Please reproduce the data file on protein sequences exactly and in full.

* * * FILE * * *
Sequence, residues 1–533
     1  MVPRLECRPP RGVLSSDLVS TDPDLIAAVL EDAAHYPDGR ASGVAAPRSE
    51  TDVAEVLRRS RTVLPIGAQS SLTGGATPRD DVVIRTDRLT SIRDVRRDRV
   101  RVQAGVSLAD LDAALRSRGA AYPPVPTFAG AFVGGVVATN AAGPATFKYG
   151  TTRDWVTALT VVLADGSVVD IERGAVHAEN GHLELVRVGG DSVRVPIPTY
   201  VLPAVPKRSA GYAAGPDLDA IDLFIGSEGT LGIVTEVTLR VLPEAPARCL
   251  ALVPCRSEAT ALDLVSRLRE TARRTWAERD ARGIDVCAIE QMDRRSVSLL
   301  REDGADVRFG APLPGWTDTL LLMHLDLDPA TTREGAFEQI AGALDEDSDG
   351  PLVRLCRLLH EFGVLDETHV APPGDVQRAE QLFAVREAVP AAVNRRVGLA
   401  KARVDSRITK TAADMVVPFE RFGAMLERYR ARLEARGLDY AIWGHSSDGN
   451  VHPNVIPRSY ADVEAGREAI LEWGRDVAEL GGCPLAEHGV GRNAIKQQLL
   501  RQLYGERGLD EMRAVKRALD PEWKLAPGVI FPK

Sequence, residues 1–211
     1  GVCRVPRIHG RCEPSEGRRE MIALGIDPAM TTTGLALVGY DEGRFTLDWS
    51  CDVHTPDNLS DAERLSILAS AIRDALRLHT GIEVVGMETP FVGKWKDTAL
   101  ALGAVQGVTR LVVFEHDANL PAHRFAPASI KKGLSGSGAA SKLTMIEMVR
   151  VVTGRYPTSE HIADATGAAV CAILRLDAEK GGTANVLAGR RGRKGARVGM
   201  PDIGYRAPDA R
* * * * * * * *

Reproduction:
Sequence, residues 1–533
     1  MVPRLECRPP RGVLSSDLVS TDPDLIAAVL EDAAHYPDGR ASGVAAPRSE
    51  TDVAEVLRRS RTVLPIGAQS SLTGGATPRD DVVIRTDRLT SIRDVRRDRV
   101  RVQAGVSLAD LDAALRSRGA AYPPVPTFAG AFVGGVVATN AAGPATFKYG
   151  TTRDWVTALT VVLADGSVVD IERGAVHAEN GHLELVRVGG DSVRVPIPTY
   201  VLPAVPKRSA GYAAGPDLDA IDLFIGSEGT LGIVTEVTLR VLPEAPARCL
   251  ALVPCRSEAT ALDLVSRLRE TARRTWAERD ARGIDVCAIE QMDRRSVSLL
   301  REDGADVRFG APLPGWTDTL LLMHLDLDPA TTREGAFEQI AGALDEDSDG
   351  PLVRLCRLLH EFGVLDETHV APPGDVQRAE QLFAVREAVP AAVNRRVGLA
   401  KARVDSRITK TAADMVVPFE RFGAMLERYR ARLEARGLDY AIWGHSSDGN
   451  VHPNVIPRSY ADVEAGREAI LEWGRDVAEL GGCPLAEHGV GRNAIKQQLL
   501  RQLYGERGLD EMRAVKRALD PEWKLAPGVI FPK

Sequence, residues 1–211
     1  GVCRVPRIHG RCEPSEGRRE MIALGIDPAM TTTGLALVGY DEGRFTLDWS
    51  CDVHTPDNLS DAERLSILAS AIRDALRLHT GIEVVGMETP FVGKWKDTAL
   101  ALGAVQGVTR LVVFEHDANL PAHRFAPASI KKGLSGSGAA SKLTMIEMVR
   151  VVTGRYPTSE HIADATGAAV CAILRLDAEK GGTANVLAGR RGRKGARVGM
   201  PDIGYRAPDA R